Adrian Peterson contributed nine seasons of on-the-field heroism to the Minnesota Vikings franchise. This spanned from 2007 to 2016, and the soon-to-be 36-year old was the undisputed identity of the organization. If he retired after 2016 – at an age of 31 as many running backs do – he likely would have earned a Hall of Fame call on the merits of his Vikings accolades alone.
But he decided to be an NFC lifer. Since departing Minnesota, Peterson joined the New Orleans Saints, Arizona Cardinals, Washington Football Team, and Detroit Lions. Regrettably, none of those destinations netted Peterson any playoff appearances – which he claims to covet along the way to his ultimate goal of hoisting a Lombardi trophy.
He will not get that from franchises like Arizona, Washington, or Detroit (well, the teams were not good while he was there). Now, Peterson is becoming a bit more vocal about the possibility of joining a non-bottom-feeding team like the Tampa Bay Buccaneers. True-blue ring-chasing.
And who can fault him? Only four total playoff games have crossed his agenda in 14 seasons. He is the fifth-leading rusher in NFL history via yards behind Emmitt Smith, Walter Payton, Frank Gore, and Barry Sanders. Interestingly, Peterson is about a half-season away from bumping off Sanders for fourth-most rushing yards of all-time.
The University of Oklahoma alumnus also wants to shatter Emmitt Smith’s longstanding rushing-yards record. This would mandate that Peterson play for several seasons. Will he do it? Probably not. Is it possible? Yes – here’s how.
It is unlikely that an NFL franchise will nominate Peterson for RB1 services. He can still handle the workload – especially if you ask him personally – but his career has pivoted to that of a bonafide RB2 or RB3. Too, Peterson has accrued attention from going-nowhere teams since mid-2017. If he desires to win a Super Bowl and topple Emmitt Smith, well, things get murky. A general manager of a Super Bowl-contending team would be required to uplift Peterson to RB1 status. That feels like a longshot – but again – not impossible.
Peterson tallied 604 rushing yards in 2020 with Detroit. Unless a team [oddly] taps Peterson for full-time, RB1 duties, this should be considered his ceiling, to a degree.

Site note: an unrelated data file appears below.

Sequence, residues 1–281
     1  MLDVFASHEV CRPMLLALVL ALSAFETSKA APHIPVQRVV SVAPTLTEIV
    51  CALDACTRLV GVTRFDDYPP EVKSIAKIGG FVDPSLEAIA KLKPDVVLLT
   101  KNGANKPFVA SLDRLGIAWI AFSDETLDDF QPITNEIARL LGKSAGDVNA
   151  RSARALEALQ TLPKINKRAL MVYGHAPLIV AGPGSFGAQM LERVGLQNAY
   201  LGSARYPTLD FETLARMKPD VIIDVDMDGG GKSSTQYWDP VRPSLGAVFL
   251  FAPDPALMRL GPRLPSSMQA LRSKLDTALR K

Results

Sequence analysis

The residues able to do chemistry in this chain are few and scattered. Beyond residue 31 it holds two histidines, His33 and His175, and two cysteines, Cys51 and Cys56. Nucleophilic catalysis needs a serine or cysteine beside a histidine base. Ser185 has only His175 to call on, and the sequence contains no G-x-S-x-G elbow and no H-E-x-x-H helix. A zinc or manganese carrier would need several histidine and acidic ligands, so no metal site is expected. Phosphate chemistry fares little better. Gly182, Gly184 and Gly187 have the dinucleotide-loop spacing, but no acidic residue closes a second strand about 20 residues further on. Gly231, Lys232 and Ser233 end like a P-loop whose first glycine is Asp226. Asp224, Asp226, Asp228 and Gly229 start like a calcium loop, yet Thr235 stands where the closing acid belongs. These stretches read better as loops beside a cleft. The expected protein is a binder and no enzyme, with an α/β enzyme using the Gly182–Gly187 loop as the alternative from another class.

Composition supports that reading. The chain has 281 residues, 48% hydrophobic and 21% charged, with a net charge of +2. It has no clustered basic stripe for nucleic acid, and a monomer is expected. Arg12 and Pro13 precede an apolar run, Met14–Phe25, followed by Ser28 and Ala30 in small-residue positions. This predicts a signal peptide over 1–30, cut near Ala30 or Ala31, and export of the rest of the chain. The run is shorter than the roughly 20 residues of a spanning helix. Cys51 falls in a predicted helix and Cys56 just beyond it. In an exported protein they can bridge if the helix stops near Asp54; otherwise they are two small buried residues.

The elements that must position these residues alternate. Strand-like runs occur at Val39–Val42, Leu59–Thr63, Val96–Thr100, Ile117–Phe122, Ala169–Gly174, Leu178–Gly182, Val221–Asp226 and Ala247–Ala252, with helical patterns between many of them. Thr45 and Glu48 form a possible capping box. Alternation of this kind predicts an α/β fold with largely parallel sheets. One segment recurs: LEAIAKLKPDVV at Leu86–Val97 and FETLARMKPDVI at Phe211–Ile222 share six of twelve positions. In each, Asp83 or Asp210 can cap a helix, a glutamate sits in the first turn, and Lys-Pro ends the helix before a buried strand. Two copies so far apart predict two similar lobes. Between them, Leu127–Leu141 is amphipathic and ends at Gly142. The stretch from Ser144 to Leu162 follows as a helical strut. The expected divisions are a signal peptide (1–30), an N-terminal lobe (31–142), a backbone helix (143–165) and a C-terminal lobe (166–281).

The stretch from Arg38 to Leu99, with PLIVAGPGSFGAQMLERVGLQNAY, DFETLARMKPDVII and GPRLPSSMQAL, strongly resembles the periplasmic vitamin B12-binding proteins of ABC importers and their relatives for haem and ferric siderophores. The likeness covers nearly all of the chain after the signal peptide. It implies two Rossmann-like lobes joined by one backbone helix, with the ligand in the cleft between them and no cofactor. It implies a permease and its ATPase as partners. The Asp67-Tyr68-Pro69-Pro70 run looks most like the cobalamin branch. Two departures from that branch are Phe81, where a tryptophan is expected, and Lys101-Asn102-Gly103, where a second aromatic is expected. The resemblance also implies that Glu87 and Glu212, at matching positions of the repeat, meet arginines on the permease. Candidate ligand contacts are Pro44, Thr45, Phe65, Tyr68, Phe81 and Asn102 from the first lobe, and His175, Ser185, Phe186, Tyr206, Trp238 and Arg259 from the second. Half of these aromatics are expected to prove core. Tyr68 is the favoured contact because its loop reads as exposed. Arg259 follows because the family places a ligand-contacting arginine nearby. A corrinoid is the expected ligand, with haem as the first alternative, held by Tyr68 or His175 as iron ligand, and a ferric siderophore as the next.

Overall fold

Mathematically – at the 604-yards-per-season pace – he needs six full, injury-free seasons to surpass Smith. The year would be 2026 and likely the tail end of that season. Any dips in his performance – which are extremely prevalent for an aging halfback – extend the duration of this estimation. Conversely, Peterson could catch fire and break off over 1,000 rushing yards as he did in Washington during 2018. But that is strictly theoretical.
The takeaway: Peterson must play for six full seasons and rush for about 600 yards per year. He’d break the all-time mark at age 41.
This one is arguably the most vital. He must remain healthy.
To Peterson’s credit, he has been mostly healthy since leaving the Vikings. His ACL tore in 2011, but he prosecuted an unholy recovery to win an MVP the following season – the last instance of a non-quarterback winning the award. In 2014, he missed 15 games for off-the-field disciplinary matters. And in 2016, he was hurt for the majority of his Minnesota swan-song season.
His objective in passing Smith stipulates attention from offensive coordinators – and health on his accord. The record will remain Smith’s if either of these elements fall by the wayside. Unfortunately for Peterson, a player’s health – particular for a tailback – trends southward as the calendar flips pages.
Peterson’s three-year span of good health since 2018 is a necessity for his all-time rushing record goal.
Finally – the place where the rubber hits the road. Peterson is tasked with convincing a general manager or coach – or a litany of them – that he is indeed a cyborg. Frank Gore is the only recent example of a player that emulates the Energizer Bunny. Peterson must follow suit — and then some. Remember, too, we think Gore is old now at age 37. Peterson must stretch this four more years.
Each season, his performance must generate relevance. His playmaking is the barometer by which NFL executives will determine if he’s worthwhile. Peterson scored seven touchdowns in 2020 with the lowly Lions, so big moments akin to that bode well. And they must continue.
Achieving the best-of-all-time designation is predominantly a matter of carries. Should his body hold up in the pass-happy NFL, yes, Peterson can dethrone Smith. It’s just virtually unprecedented that a running back plays into his 40s.
Who are we kidding? The play-until-40 plan is unprecedented. The only running back to get close was Tony Richardson with the New York Jets in 2010. He was 39 – and he played fullback.